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I Want My Education My Way: Student Consumerism and the Impact on Higher Education
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I Want My Education My Way: Student Consumerism and the Impact on Higher Education

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The rise of issues such as degree mills, correspondence programs, online courses, transferability and similar accommodations are having an impact on the nature and value of a higher education. This …

The rise of issues such as degree mills, correspondence programs, online courses, transferability and similar accommodations are having an impact on the nature and value of a higher education. This paper explores the motives behind such efforts, and offers guidance and caution for higher education officials seeking to strike the balance between a quality educational experience and convenience for students in a fast-paced, mobile world.

Published in Economy & Finance , Education
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  • 1. I Want My Education My Way: Student Consumerism and the Impact on Higher Education Graham Garner EDLH 734 Trends and Issues in Higher Education
  • 2. Overview
    • What is a University?
    • What Students Wants: Autonomy or Conformity?
    • The Self-Esteem Factor
    • What For-Profits Offer
    • Evidence of Consumer Models
    • Commodification of Higher Education
    • Problems with Commodification
  • 3. What is a University?
    • A university exists to further knowledge, discover truth
    • Practical end is to create good citizens
    • Students are not products
    • “ Doing what it takes to succeed” is not a substitute for true inquiry and honesty
    • Customer model betrays true meaning of a university and instead makes it a degree mill
  • 4. Autonomy v. Conformity
    • A college education provides a conformist lifestyle
    • Brand of independence relying on conformity
    • Students expect a relatively struggle-free life because of their degree
    • We turn to pop culture and self to make learning interesting or relevant
    • This compromises giving students what they actually need to obtain what they want
    • She wonders if boredom is actually fear; students are overwhelmed
  • 5. The Self-Esteem Factor
    • University as theme park
    • Degree equates to validation as a human
    • Everyone expected to go to college
    • Students don’t care about academic learning
    • Multiculturalism is an example of diversity as a commodity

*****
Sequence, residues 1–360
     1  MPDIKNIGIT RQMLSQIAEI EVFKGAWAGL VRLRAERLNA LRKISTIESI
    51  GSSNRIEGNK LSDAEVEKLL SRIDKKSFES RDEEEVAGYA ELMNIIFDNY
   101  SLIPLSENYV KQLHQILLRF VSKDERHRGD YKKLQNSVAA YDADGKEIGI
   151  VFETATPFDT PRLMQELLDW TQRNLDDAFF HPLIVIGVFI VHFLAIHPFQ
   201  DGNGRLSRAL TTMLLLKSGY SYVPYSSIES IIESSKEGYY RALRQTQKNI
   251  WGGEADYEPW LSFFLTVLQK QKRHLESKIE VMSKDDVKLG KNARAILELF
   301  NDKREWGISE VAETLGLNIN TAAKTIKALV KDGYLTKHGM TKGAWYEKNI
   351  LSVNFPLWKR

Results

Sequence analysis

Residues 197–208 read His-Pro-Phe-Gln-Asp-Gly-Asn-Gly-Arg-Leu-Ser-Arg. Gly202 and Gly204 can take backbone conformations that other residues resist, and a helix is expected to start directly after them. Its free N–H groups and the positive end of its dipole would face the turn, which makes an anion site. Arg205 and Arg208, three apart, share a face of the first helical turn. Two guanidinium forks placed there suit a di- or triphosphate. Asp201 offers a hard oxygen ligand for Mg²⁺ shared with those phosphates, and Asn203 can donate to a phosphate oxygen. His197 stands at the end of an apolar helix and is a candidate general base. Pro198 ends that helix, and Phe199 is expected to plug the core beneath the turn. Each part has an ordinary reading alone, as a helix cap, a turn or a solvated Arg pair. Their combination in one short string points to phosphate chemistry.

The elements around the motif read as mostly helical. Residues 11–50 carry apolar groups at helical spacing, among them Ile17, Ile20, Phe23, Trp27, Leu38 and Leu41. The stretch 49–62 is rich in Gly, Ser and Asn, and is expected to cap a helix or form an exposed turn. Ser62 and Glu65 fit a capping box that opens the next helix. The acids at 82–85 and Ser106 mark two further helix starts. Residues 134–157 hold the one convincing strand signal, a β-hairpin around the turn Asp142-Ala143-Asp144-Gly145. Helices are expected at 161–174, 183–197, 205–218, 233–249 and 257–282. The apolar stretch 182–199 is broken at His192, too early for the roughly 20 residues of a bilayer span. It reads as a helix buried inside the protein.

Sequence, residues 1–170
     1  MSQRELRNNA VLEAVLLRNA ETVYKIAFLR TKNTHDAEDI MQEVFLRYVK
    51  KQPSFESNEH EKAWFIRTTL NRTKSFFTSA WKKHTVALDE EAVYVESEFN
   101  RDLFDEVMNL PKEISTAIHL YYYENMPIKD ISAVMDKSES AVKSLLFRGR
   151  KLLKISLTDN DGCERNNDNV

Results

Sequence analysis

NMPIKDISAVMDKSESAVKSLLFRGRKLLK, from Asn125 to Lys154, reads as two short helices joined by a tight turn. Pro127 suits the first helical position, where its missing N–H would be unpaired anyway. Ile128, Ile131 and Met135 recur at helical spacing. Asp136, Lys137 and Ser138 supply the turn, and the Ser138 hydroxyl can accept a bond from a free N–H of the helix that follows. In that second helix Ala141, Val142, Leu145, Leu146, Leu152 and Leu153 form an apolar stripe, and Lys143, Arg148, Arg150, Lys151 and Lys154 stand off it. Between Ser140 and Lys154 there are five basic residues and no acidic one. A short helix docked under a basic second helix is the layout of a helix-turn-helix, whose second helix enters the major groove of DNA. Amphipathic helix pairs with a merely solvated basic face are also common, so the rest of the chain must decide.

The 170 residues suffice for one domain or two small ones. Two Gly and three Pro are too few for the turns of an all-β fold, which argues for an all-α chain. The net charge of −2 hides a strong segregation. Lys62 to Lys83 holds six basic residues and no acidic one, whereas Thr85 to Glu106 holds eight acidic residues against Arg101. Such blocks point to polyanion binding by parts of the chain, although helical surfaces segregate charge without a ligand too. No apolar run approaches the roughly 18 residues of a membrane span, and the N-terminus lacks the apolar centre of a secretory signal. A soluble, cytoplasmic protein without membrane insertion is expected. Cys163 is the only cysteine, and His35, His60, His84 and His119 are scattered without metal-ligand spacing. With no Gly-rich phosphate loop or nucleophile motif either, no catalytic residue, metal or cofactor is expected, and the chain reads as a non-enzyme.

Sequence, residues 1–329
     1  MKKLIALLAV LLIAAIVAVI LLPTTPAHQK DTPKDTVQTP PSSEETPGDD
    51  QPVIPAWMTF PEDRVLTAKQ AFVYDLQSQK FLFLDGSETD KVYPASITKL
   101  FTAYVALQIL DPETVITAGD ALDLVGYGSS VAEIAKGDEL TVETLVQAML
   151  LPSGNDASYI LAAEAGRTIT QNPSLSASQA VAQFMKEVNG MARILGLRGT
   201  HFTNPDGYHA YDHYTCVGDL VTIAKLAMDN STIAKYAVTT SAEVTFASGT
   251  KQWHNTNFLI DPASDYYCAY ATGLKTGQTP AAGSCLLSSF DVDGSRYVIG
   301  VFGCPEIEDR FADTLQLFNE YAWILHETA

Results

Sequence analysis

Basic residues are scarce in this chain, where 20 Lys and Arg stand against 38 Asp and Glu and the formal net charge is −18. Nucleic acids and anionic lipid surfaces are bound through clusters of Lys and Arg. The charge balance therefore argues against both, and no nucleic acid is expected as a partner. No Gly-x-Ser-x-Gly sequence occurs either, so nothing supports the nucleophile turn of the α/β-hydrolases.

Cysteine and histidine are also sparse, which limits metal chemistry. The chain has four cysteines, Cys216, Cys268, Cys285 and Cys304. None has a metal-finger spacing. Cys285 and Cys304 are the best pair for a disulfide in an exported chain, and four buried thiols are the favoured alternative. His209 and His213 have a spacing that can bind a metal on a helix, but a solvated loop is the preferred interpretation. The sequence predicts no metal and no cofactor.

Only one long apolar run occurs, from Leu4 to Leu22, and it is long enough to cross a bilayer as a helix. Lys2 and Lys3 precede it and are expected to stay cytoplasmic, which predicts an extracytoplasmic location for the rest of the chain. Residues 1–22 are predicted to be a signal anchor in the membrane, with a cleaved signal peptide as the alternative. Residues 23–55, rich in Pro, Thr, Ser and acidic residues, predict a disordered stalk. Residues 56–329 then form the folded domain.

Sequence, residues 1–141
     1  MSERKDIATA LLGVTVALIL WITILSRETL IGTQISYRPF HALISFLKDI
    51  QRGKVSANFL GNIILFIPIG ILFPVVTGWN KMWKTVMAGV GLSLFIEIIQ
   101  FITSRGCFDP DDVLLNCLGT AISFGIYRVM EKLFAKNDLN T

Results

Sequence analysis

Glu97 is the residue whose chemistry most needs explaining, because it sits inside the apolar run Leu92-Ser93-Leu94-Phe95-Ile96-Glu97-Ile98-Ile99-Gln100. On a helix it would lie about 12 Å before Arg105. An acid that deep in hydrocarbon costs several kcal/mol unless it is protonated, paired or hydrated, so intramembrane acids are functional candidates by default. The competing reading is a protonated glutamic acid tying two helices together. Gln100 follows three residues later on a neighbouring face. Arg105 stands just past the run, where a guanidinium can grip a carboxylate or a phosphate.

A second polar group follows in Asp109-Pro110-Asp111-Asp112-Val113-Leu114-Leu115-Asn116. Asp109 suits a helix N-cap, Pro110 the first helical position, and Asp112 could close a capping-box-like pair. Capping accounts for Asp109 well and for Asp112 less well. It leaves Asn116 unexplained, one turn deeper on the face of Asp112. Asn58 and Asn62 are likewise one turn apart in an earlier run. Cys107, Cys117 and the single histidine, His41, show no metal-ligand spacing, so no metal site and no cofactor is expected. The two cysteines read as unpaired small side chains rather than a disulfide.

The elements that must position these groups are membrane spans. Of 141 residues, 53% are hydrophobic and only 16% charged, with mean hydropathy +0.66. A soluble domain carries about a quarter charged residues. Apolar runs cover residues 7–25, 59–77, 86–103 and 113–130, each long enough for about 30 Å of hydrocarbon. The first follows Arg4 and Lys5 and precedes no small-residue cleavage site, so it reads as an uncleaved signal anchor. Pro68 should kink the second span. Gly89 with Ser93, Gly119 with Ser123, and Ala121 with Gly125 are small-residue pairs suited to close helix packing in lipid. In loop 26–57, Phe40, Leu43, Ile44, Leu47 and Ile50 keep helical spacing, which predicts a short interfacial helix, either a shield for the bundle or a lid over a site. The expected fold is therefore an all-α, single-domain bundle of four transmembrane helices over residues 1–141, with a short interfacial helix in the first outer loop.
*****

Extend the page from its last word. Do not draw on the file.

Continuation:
• 6. What For-Profits Offer
    • Need
      • Career
      • Less academic, more practical
      • “ just-in-time” designed for working adults
      • Lack of extracurricular
    • Speed
      • Nimble
      • Scope
    • Ease
      • Flexible delivery
      • Learning is more hands-on
  • 7. Commodification of Higher Education
    • Consumer model removes faculty from shaping curriculum, standards and pedagogy
    • Values economic capital over academic capital
    • Makes instructor the commodity-producer and the student the consumer
    • Creates relationship of opposing interests
  • 8. Problems with Commodification
    • Hierarchy protects upper levels, hurts lower levels
    • Higher-level thinking for lower-level recitation
    • Puts more value on head count
    • Faith, trust and risk-taking removed from process
    • True disciplinary excellence requires time, persistence and hard work
    • Erosion of traditional disciplinary boundaries in favor of portability and transferability
  • 9. References
    • Boretz, E. (2004, Spring). Grade inflation and the myth of student consumerism. College Teaching , 52 (2), 42-46.
    • Cochrane, C. (2000, February). The Reflections of a Distance Learner 1977-1997. Open Learning , 15 (1), 17-34.
    • Germain, M., & Scandura, T. (2005, March). Grade Inflation And Student Individual Differences as Systematic Bias in Faculty Evaluations. Journal of Instructional Psychology , 32 (1), 58-67.
    • Gottfried, P. (2002, Spring). About Consumerist Education. Academic Questions , 15 (2), 53.
    • Harris, M. (2006, July). Out out, damned spot: General education in a market-driven institution. JGE: The Journal of General Education , 55 (3/4), 186-200.
    • Howard-Vital, M. (2006, January). The Appeal of For-Profit Institutions. Change , 38 (1), 68-71.
    • Kantrowitz, B. (2006, October 9). Is Your College a Lemon?. Newsweek , 148 (15), 58.
    • Kingsbury, A. (2005, January 17). Hot on the trail of academic fraud. U.S. News & World Report , 138 (2), 76-76.
    • Lumadue, R. (2006, July). When Graduate Degrees Prostitute the Educational Process: Degrees Gone Wild. Christian Higher Education , 5 (3), 263-278.
    • Naidoo, R., & Jamieson, I. (2005, May). Empowering participants or corroding learning? Towards a research agenda on the impact of student consumerism in higher education. Journal of Education Policy , 20 (3), 267-281.
    • Potts, M. (2005, June). The Consumerist Subversion of Education. Academic Questions , 18 (3), 54-64.
    • Whitney, B. (2003, September). Combating consumerism in the writing classroom. Critical Quarterly , 45 (3), 104.